• Development of Lightweight Bulletproof Vest Inserts with Increased… 27

    Table 2. Results of ballistic test for soft fiber-based fabrics [3, 4]

    Projectile V0 [m/s]




    of layers



    [kg/m 2 ]




    1 4.6 × 30 mm DM31

    731 SB21 225 31.5 34 Perforation

    2 4.6 × 30 mm DM31

    718 GF4 225 52 45 Perforation

    3 5.7 × 28 mm SS190

    706 SB21 150 21 30 Perforation

    4 5.7 × 28 mm SS190

    702 SB21 150 21 30 Stopped at 135 layer

    5 5.7 × 28 mm SS190

    710 GF4 150 34.5 30 Perforation

    6 5.7 × 28 mm SS190

    705 GF4 180 41 36 Stopped at 170 layer

    * SB21: non-woven fiber-based polyethylene Dyneema®,GF4: non-woven fiber-based aramid Goldflex®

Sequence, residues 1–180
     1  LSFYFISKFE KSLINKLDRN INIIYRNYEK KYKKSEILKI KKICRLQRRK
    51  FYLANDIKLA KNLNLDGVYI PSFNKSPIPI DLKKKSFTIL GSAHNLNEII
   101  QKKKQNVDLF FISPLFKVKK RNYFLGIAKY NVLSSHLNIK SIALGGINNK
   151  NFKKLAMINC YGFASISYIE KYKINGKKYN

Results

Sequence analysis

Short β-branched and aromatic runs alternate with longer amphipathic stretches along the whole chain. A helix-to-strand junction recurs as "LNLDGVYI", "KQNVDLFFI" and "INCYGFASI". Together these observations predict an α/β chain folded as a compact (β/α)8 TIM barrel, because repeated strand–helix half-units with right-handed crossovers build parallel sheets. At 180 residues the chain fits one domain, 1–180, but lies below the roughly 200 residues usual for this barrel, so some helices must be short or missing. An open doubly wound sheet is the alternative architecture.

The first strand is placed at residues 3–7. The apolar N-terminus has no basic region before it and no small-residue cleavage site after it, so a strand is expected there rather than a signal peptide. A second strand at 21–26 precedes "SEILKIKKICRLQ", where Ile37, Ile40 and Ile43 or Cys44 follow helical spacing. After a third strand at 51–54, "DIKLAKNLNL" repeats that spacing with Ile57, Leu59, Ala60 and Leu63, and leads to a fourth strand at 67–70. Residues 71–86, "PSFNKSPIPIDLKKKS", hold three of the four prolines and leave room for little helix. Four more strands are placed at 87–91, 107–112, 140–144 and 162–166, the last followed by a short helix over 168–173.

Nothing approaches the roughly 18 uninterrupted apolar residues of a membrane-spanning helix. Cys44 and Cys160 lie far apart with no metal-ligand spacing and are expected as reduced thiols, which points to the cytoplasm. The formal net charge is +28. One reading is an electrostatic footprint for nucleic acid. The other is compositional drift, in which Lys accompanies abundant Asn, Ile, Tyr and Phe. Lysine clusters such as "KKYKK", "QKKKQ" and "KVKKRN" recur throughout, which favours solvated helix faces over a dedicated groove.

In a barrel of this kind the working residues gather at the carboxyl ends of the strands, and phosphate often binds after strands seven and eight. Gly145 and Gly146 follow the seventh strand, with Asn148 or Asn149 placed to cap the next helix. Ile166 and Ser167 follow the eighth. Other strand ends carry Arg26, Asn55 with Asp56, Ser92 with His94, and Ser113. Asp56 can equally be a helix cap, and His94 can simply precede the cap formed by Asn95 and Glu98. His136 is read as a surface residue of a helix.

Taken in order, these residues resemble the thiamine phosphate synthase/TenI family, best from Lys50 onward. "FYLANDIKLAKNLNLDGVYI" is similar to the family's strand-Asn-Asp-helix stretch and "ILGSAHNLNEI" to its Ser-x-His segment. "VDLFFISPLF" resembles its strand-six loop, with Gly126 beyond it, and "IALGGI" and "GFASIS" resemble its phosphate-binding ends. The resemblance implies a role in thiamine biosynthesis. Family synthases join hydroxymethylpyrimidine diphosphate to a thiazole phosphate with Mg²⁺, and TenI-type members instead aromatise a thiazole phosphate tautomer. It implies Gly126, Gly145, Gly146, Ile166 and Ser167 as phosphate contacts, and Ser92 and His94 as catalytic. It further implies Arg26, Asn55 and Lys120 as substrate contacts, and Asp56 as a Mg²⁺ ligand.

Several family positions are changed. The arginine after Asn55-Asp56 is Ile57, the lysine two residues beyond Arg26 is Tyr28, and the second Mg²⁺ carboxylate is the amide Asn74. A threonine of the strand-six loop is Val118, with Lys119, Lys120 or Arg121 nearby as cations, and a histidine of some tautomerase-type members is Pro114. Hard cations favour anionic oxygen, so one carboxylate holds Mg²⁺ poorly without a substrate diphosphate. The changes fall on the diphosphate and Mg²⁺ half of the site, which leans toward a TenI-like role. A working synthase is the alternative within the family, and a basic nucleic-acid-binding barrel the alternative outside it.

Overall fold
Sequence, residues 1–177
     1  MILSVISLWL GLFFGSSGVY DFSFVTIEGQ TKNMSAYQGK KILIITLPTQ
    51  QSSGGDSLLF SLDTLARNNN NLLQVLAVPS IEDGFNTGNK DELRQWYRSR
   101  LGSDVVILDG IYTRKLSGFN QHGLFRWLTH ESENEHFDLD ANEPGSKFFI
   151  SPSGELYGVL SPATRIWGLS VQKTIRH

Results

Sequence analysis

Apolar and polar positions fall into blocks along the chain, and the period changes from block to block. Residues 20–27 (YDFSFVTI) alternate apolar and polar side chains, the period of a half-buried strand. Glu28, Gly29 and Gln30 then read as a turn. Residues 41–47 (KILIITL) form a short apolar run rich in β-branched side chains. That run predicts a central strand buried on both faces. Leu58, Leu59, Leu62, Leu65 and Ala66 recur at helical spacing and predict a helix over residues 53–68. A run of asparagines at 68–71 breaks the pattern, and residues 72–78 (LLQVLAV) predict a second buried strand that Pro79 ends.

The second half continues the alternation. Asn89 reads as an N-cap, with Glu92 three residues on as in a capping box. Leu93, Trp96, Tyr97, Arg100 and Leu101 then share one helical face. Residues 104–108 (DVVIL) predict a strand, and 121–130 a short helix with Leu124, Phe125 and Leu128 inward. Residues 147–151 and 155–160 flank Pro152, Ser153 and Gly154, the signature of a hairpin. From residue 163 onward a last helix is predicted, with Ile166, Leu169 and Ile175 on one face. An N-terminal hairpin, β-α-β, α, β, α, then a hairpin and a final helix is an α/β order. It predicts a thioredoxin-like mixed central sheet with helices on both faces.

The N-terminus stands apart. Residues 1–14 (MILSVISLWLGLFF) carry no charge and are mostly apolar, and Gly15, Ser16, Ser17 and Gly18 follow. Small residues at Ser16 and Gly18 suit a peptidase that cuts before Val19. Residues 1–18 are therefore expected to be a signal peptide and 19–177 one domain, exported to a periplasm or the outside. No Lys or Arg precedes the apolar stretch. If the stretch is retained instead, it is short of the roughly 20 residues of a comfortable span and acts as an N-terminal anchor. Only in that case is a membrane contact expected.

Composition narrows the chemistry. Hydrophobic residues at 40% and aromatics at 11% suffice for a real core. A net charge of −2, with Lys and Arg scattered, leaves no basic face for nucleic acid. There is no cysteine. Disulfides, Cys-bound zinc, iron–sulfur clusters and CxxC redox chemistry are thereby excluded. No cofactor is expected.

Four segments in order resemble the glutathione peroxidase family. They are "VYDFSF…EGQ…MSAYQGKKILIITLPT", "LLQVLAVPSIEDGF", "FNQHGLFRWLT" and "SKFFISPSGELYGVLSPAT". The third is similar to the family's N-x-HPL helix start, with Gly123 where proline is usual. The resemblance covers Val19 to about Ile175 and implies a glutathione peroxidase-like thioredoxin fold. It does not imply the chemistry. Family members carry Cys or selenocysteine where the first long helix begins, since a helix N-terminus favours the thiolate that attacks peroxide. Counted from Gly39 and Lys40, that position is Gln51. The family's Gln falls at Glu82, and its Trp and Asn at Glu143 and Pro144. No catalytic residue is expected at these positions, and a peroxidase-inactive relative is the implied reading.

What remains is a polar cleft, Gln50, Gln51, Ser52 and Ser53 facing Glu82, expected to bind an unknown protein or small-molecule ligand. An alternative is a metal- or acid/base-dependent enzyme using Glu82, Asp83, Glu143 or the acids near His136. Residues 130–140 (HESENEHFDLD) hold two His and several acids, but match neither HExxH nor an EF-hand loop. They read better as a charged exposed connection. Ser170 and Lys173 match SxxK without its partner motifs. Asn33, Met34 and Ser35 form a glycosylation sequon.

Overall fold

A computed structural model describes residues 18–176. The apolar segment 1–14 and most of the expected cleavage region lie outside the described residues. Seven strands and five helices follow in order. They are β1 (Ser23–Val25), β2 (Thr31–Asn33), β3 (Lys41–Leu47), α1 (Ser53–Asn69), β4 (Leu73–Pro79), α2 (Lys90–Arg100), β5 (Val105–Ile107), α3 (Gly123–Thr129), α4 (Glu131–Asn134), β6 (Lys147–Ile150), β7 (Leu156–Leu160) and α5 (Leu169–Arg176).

The DM31 projectile penetrated the 225-layer material sets of Dyneema® and Goldflex® with no visible effect on the flight path. In similar experiment, the SS190 projectile was stopped with 150 layers of SB21 and 180 layers of GF4. These results exclude the application of material set made only of soft, fiber-based composites due to excessively high areal density and thickness. If the bulletproof vest is to maintain its concealed characteristics, another approach must be used. The idea of creating a lightweight bulletproof vest with increased protection capabilities involves right selection of ceramic segments, their individual bonding with the support layer and combining with deformable multi-layer, polyethylene or aramid backing. For all further experiments involving firing of ceramic-based inserts, the same backing of 40 layers of Dyneema® SB21 were used. These backing layers meet the requirements for the bulletproof protection level K2 as well as fragment proof protection